NotesFAQContact Us
Search Tips
ERIC Number: ED105970
Record Type: Non-Journal
Publication Date: 1974-Apr-4
Pages: 83
Abstractor: N/A
Reference Count: N/A
Study of the Effects of "Sesame Street" and "Polka Dot Door" on Preschool Children.
Ball, Laurie A.
This paper presents a study designed to determine whether or not parents' attitudes and children's intelligence scores affect children's reactions to television programs. Preschool children's behavior before, during, and after the viewing of two half-hour television programs, "Sesame Street" and "Polka Dot Door," was compared. The children, ranging in age from 3 years, 6 months to 5 years, 2 months, were each randomly assigned to a "Polka Dot Door" group or a "Sesame Street" group. Questionnaires were used to obtain parents' attitudes toward five preschool television programs, and Peabody Picture Vocabulary Test (PPVT) scores measured the children's intelligence. Results indicated that: (1) the effect of television was significant and creates a more parallel pattern across behaviors in the case of "Sesame Street"; (2) parents' positive attitudes toward television do not correlate significantly with children's overt reactions; and (3) the theory that the more intelligent the child, the more quantitatively he will react to the television was accepted for "Sesame Street" but rejected for "Polka Dot Door." A review of the literature accompanies the report. Appendixes make up one-quarter of the document. (CS)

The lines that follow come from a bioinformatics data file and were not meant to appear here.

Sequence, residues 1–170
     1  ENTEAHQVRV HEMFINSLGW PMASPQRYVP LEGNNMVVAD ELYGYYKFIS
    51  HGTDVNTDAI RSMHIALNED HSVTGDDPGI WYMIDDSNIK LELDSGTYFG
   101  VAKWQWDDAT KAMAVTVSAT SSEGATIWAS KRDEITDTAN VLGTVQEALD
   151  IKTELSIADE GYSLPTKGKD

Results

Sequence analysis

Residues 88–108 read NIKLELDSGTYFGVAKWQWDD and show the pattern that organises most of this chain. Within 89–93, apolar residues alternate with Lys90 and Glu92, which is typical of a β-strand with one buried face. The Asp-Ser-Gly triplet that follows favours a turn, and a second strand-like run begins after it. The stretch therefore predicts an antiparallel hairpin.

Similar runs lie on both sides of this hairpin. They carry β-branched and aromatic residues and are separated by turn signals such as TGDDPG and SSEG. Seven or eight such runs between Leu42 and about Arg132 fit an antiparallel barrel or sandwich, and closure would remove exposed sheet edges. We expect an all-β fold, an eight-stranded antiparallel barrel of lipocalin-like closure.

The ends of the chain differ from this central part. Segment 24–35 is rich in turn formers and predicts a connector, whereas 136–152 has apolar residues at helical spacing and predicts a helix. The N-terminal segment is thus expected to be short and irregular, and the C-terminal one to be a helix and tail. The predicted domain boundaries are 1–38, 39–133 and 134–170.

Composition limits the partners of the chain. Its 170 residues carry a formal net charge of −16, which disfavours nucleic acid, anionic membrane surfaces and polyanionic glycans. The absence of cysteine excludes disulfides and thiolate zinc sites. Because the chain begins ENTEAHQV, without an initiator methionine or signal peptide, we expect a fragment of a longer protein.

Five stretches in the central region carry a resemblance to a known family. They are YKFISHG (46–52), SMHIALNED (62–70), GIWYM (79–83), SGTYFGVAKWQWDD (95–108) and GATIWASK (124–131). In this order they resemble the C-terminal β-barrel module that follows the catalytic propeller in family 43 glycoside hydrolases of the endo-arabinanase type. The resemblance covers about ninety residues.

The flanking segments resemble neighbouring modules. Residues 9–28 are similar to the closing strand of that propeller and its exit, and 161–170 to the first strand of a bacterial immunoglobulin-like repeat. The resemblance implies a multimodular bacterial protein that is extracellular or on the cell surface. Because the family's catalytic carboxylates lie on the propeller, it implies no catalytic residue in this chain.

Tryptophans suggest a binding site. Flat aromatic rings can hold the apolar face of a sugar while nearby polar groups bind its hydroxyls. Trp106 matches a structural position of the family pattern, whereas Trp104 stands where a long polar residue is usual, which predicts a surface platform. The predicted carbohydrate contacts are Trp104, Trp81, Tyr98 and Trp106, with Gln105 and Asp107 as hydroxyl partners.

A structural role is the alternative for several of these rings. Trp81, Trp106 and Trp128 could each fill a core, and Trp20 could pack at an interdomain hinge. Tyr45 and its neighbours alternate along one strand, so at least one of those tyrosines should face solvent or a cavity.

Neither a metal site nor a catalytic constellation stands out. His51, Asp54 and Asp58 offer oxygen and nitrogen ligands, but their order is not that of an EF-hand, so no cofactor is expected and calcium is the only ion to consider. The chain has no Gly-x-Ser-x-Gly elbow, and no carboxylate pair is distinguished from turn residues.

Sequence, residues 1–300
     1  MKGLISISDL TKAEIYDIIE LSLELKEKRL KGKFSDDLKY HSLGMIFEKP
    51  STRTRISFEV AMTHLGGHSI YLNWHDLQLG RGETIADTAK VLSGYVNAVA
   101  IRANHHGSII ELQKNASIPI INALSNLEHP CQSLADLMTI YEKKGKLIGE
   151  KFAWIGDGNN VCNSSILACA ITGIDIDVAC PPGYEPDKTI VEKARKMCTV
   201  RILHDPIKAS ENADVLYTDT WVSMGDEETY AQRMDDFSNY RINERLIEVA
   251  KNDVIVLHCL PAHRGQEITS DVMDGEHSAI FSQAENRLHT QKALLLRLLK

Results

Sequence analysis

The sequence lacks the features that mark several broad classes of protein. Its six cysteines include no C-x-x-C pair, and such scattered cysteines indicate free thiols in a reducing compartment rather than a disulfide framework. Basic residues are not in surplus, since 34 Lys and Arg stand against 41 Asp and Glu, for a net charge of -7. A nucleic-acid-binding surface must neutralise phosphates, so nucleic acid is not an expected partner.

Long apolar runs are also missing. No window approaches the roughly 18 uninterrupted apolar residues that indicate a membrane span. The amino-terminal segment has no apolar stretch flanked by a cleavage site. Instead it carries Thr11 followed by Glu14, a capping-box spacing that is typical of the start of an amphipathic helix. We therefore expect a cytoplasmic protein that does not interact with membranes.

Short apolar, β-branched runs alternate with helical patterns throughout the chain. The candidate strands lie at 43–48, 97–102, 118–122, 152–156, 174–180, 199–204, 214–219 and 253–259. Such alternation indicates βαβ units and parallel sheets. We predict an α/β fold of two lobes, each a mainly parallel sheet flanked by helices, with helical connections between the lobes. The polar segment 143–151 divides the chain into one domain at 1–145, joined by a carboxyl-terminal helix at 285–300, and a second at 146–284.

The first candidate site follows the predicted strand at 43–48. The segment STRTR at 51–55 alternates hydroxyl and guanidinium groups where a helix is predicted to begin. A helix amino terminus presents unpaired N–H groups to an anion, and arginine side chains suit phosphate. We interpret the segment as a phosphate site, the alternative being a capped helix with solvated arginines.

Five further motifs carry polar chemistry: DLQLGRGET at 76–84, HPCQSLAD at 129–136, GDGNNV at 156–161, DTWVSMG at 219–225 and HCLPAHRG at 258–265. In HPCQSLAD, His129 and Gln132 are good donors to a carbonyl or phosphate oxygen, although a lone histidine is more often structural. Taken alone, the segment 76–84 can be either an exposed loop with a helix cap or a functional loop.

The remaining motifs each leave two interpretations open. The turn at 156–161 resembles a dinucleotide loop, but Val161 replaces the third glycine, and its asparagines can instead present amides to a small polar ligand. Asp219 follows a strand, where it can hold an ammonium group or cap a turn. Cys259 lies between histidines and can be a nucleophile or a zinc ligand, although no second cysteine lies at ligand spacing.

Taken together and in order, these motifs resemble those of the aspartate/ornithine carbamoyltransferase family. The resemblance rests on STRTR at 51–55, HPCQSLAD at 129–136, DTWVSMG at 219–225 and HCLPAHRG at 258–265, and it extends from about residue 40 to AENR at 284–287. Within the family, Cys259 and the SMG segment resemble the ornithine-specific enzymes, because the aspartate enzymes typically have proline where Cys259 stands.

Publication Type: Reports - Research
Education Level: N/A
Audience: N/A
Language: N/A
Sponsor: N/A
Authoring Institution: N/A